Civil society networks and groups in Nigeria are planning a Freedom of Information (FOI) rally on September 26, ahead of this year’s International Right to Know Day to press the National Assembly to be more transparent.
Scheduled for 10am at the premises of the National Assembly in Abuja, participating organizations in the rally include Enough is Enough Nigeria, the United Action for Democracy, Say No Campaign, Reclaim Naija, the Freedom of Information Coalition, and other organizations.
Groups and individuals that are unable to join the rally at the National Assembly in Abuja are expected to organize protests and rallies on the same day at their various State Houses of Assembly.
The groups are planning to present five demands to members of the National Assembly, namely:
The first demand is an immediate and comprehensive breakdown of their budgetary allocation of N150 billion for 2013. The rationale for this is that in defending the allocation, National Assembly officials have been very vocal that the N150billion is not only for salaries but the entire National Assembly structure. While the Economist magazine says Nigerian legislators are the second highest paid parliamentarians in the world, there is no authoritative breakdown of what the N150 billion is meant for. The groups are therefore asking them to provide the breakdown.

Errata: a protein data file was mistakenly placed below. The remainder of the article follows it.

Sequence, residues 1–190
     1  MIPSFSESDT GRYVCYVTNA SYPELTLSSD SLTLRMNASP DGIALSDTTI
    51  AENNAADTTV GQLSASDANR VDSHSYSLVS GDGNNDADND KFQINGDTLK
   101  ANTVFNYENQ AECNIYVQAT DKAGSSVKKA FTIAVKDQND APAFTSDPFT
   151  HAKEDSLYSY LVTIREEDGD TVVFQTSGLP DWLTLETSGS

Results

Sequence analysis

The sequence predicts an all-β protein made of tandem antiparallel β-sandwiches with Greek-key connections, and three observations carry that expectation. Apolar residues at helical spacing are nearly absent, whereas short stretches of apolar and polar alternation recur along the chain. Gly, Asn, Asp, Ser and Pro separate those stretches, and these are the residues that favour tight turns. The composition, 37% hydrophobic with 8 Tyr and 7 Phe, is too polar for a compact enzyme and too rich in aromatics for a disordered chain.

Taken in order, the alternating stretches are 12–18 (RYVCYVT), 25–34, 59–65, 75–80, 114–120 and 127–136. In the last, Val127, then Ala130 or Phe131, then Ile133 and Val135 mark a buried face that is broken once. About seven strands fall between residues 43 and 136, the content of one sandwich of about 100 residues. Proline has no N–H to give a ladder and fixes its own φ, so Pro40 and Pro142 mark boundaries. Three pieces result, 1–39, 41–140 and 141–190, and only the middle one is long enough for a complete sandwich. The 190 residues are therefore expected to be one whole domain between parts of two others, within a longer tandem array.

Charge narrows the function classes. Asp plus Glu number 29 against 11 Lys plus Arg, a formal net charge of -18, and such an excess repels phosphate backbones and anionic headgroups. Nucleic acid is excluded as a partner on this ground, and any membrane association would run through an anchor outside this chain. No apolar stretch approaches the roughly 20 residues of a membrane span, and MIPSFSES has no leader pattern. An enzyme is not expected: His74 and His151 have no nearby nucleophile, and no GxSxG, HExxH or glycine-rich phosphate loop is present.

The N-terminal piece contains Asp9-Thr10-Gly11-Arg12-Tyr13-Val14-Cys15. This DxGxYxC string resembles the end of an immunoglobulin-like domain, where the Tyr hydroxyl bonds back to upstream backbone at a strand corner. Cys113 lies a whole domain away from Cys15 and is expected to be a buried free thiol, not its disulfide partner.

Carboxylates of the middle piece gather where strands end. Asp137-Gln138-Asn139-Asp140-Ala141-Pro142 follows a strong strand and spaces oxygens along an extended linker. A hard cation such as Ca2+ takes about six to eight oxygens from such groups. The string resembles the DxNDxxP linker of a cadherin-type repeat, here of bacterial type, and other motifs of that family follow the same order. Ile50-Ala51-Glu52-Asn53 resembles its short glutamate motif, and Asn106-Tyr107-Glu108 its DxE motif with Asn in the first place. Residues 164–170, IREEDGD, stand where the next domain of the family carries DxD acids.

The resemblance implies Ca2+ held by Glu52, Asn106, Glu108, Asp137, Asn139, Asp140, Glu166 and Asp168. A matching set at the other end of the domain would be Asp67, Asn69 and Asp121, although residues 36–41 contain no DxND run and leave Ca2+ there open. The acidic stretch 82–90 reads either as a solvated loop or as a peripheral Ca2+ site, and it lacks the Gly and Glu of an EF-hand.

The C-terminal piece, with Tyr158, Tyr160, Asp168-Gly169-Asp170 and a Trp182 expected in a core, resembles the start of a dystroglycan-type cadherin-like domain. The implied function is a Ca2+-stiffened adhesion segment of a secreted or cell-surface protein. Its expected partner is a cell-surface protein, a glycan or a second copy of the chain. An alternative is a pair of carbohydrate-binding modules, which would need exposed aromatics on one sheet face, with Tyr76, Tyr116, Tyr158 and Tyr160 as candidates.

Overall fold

The second demand is asking the National Assembly for an account of the N1 trillion they have received since 2005 before the next recess in December. The groups say they want to know if Nigerians have received value for money in terms of the services provided by the National Assembly.
The third demand is functional contact information, including telephone numbers, email addresses and physical addresses of the constituency offices of all members of the National Assembly. The groups are also demanding the names of at least two contact people attached to the numbers and email addresses based on the rational that the representatives of the people “must be reachable”!
The fourth demand is for all voting records on all constitutional amendments. The groups are insisting that Nigerians have a right to know how their representatives honored their wishes for changes to the constitution.
The final demand is for the attendance list for each plenary session of the National Assembly to be made public. According to the groups, pictures show both chambers relatively empty on plenary days, yet members are opposed to suggestions that they work part time. The groups say they want to know how many people actually attend plenary sessions and contribute to discussions and whether Nigerians are getting value for money.
According to Miss Yemi Adamolekun, Executive Director of Enough is Enough Nigeria, one of the partner organizations in the initiative, BudgIT, is assisting in developing infographics that help tell the story. These will be distributed to individuals and organizations around the country that are interested in joining the rally or organizing their own rallies in the States.